US Gets South Africa to Consent for Unfreezing Libyan Funds
The USA and South Africa have reached a deal on their dispute over whether to allow the UN to release USD 1.5 B of frozen assets of Libya's Gaddafi regime to the benefit of the rebel government.
The agreement came late on Thursday ET (early Friday CET), after South Africa had been blocking the release of the funds at the UN sanctions committee because it said releasing the funds to the Libyan rebels could imply recognition of the rebels' Transitional National Council (TNC) as Libya's government.
South Africa and the African Union have not recognized the rebel administration, though more than 40 countries have, and a major regional organization – the Arab League – just did so on Thursday.
The USD 1.5 B in question are part of the Libyan funds that were frozen by UN sanctions against the regime of dictator Muammar Gaddafi.
As the Libyan rebels appear on the verge of a victory against Gaddafi, US, NATO, EU, and Libyan opposition officials have said those funds will be key in setting up a legitimate TNC-led government to replace the Gadhafi regime that has ruled that nation for four decades.
The deal between the USA and South Africa means that the former will not press for a vote at the UN Security Council to force the release of the funds.
US State Department spokeswoman Victoria Nuland said, as quoted by the BBC, that the unfrozen assets would pay for UN programs, energy bills, health, education and food, and would not be used for any "lethal or military purposes", which was confirmed shortly after that by US State Secretary Hillary Clinton in a statement.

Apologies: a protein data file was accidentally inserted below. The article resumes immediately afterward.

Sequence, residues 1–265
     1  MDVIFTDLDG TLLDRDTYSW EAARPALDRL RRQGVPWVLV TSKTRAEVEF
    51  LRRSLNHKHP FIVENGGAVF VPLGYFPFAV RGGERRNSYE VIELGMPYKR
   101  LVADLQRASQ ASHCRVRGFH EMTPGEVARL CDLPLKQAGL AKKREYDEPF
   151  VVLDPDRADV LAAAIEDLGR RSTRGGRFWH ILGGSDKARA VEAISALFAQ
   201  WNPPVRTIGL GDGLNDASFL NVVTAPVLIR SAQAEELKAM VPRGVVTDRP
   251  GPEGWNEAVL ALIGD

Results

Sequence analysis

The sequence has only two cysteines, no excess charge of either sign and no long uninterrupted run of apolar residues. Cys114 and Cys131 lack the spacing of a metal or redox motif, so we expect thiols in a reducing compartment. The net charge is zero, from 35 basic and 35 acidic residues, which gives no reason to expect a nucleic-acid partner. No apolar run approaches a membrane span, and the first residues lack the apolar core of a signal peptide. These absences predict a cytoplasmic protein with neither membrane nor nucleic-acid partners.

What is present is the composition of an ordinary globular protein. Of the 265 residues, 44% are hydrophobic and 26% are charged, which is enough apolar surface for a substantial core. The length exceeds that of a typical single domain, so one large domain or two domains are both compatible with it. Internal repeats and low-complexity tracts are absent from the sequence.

"Today, we have secured the release of USD 1.5 B in Libyan assets that had been frozen in the United States. This money will go toward meeting the needs of the people of Libya," Clinton said, adding, "We urge other nations to take similar measures. Many are already doing so."
"As funds are released, we look to the Transitional National Council to fulfill its international responsibilities and the commitments it has made to build a tolerant, unified democratic state," Clinton declared.
"It is critical that the TNC engage swiftly with communities and leaders across Libya to ensure order, provide critical basic services to the people, and pave the way for a full democratic transition," Clinton said. "Libya's future will be peaceful only if the leaders and people of Libya reach out to each other in a spirit of peace. There can be no place in the new Libya for revenge attacks and reprisals."
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